No one has been hurt by the fires. Around 250 emergency workers were deployed to the site.

READ ALSO: Blasts ring out as forest fire rages in Berlin’s Grunewald

How was the fire being tackled?

The German army (Bundeswehr) was called in. They sent a tank aimed at evacuating munitions at the affected storage site as well as remote-controlled de-mining robots, while drones circled the air to assess the emergency.

Water cannons were also deployed around the safety zone to prevent the fire from spreading.

Berlin mayor Franziska Giffey interrupted her holiday to visit the scene, calling the events “unprecedented in the post-war history of Berlin”.

Giffey advised people in Berlin to close their windows but said the danger was minimal as there were no residential buildings within a two-kilometre (1.2-mile) radius and so no need to issue evacuation orders.

Berlin mayor Franziska Giffey speaks at the scene of the forest fire on Thursday

Berlin mayor Franziska Giffey speaks at the scene of the forest fire on Thursday. Photo: picture alliance/dpa | Wolfgang Kumm

“It would be much more difficult if there were residential buildings nearby,” she said.

What caused the blaze?

That’s still unclear. Police say they are investigating what started the fire exactly. 

The store in question holds munitions uncovered by police, but also unexploded World War II-era ordnance which is regularly dug up during construction works.

Giffey said local authorities would “have to think about how to deal with this munitions site in the future and whether such a place is the right one in Berlin”.

Is Grunewald a popular site?

Very much so. The sprawling forest on the edge of Berlin is home to lots of hiking trails and is even near some popular lakes, such as the Krumme Lanke. It’s also near the Wannsee and Havel river. 

Map shows where the fire broke out in Berlin's Grunewald

Map shows where the fire broke out in Berlin’s Grunewald. Photo: picture alliance/dpa/dpa Grafik | dpa-infografik GmbH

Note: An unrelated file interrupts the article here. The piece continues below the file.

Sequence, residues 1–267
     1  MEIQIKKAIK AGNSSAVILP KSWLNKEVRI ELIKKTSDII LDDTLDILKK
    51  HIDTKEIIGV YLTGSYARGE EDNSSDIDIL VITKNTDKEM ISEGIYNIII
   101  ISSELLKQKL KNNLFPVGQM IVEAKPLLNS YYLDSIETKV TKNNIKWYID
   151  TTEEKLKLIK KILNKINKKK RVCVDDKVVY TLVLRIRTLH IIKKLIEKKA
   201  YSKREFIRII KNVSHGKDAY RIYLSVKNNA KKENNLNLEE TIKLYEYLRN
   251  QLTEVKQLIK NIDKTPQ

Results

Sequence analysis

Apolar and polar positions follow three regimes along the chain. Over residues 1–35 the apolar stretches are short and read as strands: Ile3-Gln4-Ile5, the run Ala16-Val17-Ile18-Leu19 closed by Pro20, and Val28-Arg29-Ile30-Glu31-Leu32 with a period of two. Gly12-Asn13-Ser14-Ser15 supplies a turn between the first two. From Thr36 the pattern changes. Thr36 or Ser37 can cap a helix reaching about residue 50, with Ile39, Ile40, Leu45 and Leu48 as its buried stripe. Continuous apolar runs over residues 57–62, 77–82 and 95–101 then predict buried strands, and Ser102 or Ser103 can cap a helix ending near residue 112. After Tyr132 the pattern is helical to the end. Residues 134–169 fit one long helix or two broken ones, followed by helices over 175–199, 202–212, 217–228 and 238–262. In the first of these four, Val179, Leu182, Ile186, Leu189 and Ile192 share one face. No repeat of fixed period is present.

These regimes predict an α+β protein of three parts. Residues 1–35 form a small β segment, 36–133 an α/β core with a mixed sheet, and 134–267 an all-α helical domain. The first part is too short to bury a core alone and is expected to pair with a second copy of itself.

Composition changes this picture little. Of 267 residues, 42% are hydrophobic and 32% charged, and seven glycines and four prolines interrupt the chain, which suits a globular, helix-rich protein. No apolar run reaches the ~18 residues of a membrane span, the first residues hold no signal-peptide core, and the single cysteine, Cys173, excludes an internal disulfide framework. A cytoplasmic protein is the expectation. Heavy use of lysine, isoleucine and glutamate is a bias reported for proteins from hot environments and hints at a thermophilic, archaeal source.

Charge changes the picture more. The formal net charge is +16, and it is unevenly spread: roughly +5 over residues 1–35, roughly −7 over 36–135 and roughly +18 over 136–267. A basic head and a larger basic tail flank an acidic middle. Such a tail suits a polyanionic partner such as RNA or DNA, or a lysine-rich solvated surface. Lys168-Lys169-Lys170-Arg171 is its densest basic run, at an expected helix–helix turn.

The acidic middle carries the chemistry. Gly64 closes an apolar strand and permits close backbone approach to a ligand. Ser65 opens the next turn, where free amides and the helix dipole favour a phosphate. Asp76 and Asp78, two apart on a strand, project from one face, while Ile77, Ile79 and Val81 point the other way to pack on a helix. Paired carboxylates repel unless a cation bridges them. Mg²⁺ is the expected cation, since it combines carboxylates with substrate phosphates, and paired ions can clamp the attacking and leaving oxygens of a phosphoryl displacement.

Authorities appealed for the public to avoid the forest, which is regularly visited by both locals and tourists.

Deutsche Bahn said regional and long-distance transport was disrupted due to the blaze.

A part of the Avus motorway between Spanischer Allee and Hüttenweg was also closed in both directions, as well as Kronprinzessinnenweg and Havelchaussee, according to the Berlin traffic centre.

Aren’t forest fires and strong heat causing problems elsewhere?

Yes. Authorities on Thursday said no firefighting choppers were available as they were already in use to calm forest fires in eastern Germany.

However, they also said the 1,000-metre safety zone applied to the air, so there was a limit to how useful it would be to drop water on the fire from above.

The German capital is rarely hit by forest fires, even though its 29,000 hectares of forests make it one of the greenest cities in the world.

Brandenburg, the region surrounding Berlin, as well as parts of eastern Germany have for days been battling forest fires.

Parts of Germany were also recently hit by forest fires during heatwaves this summer. 

Temperatures were expected to climb as high as 40C across parts of Germany on Thursday. However, it is set to cool down on Friday and thunderstorms are set to sweep in from the west.

With reporting by AFP’s David COURBET